Facebook under attack

Facebook under attack

“There are so many people on social-networking sites it is becoming profitable for bad guys to go there,” David Perry, global director of education at software security firm Trend Micro, told Agence France Presse (AFP) on Tuesday, March 3.

Experts say social networking websites have been targeted by hackers and cyber crooks who wage attacks to steal valuable data from members.

Even seemingly innocent information, like names of grandparents or pets, posted on profile pages can provide opportunities for criminals to hack online accounts, they warn.

“Bad guys can see all the things you post. You may be revealing personal information that is extremely valuable,” said Perry.

Facebook, the world”s largest social networking website, was attacked five times over the past week, according to computer experts.

Four of the five attacks were by “applications” – programs crafted to provide Facebook users with fun or functional features – and the fifth was by a virus.

“We have a rogue application that happened this weekend,” said Jamz Yaneza, research manager at Trend Micro, a Tokyo-based firm that develops software to protect against computer viruses and malware.

“It was an application that got through security at Facebook.”

Once installed, the application sent messages to the user’s friends warning that the website was shutting down or that they have violated terms of service.

If people followed the bogus message instructions, software was installed on their computers, stealing data and sending similar bogus messages to their contacts.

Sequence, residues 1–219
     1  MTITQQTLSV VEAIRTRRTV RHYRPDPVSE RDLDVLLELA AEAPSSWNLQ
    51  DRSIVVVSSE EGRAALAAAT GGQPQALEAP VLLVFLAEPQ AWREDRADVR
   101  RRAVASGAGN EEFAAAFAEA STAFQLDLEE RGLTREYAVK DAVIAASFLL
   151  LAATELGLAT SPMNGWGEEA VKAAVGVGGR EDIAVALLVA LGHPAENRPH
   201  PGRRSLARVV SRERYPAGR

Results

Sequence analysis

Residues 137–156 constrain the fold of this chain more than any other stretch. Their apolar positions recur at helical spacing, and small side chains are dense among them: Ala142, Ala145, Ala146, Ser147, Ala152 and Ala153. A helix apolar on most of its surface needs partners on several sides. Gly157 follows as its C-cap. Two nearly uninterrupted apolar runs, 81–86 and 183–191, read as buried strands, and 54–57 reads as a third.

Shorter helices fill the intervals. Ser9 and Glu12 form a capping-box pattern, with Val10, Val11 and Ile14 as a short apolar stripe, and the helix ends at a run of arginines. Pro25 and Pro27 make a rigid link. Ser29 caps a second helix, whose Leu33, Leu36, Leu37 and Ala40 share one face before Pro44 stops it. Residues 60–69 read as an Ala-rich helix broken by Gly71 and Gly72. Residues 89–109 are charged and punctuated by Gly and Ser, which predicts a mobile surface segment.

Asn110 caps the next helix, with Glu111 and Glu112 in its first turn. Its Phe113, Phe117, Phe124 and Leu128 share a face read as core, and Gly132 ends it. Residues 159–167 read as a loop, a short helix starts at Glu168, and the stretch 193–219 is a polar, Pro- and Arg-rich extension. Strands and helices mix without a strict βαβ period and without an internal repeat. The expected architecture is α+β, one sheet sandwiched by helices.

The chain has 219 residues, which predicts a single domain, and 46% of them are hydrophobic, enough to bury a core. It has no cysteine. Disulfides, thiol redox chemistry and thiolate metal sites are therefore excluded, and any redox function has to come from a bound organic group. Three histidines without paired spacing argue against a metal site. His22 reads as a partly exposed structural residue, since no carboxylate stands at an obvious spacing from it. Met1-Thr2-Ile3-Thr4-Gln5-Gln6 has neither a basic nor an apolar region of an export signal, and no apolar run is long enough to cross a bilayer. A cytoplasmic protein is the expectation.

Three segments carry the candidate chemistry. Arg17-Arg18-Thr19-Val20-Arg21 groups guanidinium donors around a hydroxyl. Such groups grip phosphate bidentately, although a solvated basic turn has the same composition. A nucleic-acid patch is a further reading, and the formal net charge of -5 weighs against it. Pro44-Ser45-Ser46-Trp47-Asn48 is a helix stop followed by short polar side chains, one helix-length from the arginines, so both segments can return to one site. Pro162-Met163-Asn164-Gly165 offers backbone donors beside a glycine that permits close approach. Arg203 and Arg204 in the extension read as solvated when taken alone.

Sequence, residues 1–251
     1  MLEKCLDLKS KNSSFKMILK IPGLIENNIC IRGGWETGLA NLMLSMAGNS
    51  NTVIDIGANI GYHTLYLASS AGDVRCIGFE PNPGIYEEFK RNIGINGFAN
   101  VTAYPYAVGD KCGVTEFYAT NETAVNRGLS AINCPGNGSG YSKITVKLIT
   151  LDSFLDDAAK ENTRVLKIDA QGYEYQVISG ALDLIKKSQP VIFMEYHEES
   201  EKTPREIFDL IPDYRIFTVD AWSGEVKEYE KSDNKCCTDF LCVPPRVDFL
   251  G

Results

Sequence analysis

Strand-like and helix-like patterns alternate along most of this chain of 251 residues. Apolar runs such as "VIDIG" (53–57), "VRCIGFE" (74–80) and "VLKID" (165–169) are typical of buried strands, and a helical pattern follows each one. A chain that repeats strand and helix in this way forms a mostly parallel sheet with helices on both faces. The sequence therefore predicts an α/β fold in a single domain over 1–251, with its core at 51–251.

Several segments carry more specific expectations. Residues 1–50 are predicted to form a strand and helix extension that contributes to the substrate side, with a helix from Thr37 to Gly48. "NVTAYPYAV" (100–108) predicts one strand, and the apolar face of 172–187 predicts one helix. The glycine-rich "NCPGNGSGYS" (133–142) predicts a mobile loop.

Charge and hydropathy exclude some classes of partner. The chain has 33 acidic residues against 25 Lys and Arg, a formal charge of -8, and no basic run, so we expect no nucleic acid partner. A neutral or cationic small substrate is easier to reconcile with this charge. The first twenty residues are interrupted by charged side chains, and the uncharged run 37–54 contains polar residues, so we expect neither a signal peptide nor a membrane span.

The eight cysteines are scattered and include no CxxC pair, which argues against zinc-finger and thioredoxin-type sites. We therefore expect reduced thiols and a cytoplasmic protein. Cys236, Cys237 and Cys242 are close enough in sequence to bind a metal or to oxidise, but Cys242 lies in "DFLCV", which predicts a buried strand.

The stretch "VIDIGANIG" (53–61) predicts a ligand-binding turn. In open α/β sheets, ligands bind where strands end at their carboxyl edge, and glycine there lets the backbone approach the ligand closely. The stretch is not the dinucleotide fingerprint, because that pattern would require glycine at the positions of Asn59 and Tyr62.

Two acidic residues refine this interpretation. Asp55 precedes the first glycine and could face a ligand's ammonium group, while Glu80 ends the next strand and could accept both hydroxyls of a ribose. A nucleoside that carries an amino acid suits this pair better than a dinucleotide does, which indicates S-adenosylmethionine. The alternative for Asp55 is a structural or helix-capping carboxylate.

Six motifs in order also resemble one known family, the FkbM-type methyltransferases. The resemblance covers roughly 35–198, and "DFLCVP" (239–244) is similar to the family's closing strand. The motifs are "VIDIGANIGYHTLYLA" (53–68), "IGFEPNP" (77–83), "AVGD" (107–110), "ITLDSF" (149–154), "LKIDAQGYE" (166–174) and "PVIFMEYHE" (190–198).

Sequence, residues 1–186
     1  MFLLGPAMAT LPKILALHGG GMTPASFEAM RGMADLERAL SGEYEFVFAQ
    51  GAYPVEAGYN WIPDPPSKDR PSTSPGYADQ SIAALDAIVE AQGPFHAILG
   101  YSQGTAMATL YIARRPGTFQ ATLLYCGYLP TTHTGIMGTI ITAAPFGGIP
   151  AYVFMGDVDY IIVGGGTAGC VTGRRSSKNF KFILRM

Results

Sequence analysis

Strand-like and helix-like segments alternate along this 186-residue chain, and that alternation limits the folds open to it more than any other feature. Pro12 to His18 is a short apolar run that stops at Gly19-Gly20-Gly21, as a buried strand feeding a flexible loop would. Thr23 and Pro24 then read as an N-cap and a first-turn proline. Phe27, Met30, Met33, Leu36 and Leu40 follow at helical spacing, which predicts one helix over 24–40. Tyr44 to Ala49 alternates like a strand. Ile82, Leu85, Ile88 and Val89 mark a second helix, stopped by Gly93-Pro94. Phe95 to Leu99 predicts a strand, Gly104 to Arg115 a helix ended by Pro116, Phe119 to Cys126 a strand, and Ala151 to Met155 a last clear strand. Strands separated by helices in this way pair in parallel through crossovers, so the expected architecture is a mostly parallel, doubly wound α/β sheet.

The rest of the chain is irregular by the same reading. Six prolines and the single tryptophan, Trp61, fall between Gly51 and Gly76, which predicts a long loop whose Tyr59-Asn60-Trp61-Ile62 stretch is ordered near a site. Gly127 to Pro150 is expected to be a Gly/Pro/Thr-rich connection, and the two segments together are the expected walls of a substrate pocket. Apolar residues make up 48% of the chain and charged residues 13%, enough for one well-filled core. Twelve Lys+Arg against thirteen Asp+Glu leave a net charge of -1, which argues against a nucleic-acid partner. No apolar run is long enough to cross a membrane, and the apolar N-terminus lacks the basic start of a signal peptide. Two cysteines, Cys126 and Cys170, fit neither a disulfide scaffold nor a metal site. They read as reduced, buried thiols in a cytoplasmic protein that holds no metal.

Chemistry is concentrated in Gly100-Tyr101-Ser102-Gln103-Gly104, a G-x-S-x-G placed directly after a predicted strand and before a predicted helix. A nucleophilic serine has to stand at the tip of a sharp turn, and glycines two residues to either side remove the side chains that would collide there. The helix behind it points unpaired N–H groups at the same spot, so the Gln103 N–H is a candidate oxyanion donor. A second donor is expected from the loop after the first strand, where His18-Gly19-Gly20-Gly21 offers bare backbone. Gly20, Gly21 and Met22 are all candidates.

The most recent Facebook attack was by a computer worm called Koobface, a variation on the spelling of Facebook.

“It steals your cookie on your desktop; not just for Facebook but for a half-dozen social networking websites including MySpace,” Yaneza said.

“Your account is compromised at that point.”


Online security advisers say the attacks highlight the need for a swift review of safety rules.

“I think that it is time Facebook had a review of its application vetting policy,” Rik Ferguson, senior security adviser at Trend Micro, told The Times.

Facebook allows people to develop and write software applications to run on the site, but they do not need to be approved by Facebook before they are made available for people to download.

“It launched a service in November last year where people can pay to get their applications approved, but it is voluntary,” noted Ferguson.

But Facebook officials insist that the rules are set to provide users with the opportunity to innovate and accordingly creating the network’s huge popularity.

“We’ve tried to make the process of building on the Facebook Platform relatively easy in order to stimulate innovation – and to allow the kid in a college dorm room to compete against the big corporation,” a spokesman told the British daily.

Founded in 2004 to serve only students of the Harvard University, Facebook now has more than 70 million users worldwide.

The spokesman downplayed the significance of the recent attacks on users, ruling out any imminent major counter-measures.

“The drastic measures others have suggested is akin to saying, “there have been two robberies, we need to implement martial law in the city.””